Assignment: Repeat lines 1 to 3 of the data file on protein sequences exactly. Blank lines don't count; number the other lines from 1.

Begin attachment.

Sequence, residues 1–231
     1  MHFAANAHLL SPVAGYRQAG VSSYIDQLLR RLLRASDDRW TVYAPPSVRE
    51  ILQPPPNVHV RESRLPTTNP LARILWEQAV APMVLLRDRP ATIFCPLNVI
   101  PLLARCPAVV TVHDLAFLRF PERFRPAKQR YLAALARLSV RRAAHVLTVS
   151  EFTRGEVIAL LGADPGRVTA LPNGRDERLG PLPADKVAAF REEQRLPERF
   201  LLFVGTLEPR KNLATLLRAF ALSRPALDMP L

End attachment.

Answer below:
Sequence, residues 1–231
     1  MHFAANAHLL SPVAGYRQAG VSSYIDQLLR RLLRASDDRW TVYAPPSVRE
    51  ILQPPPNVHV RESRLPTTNP LARILWEQAV APMVLLRDRP ATIFCPLNVI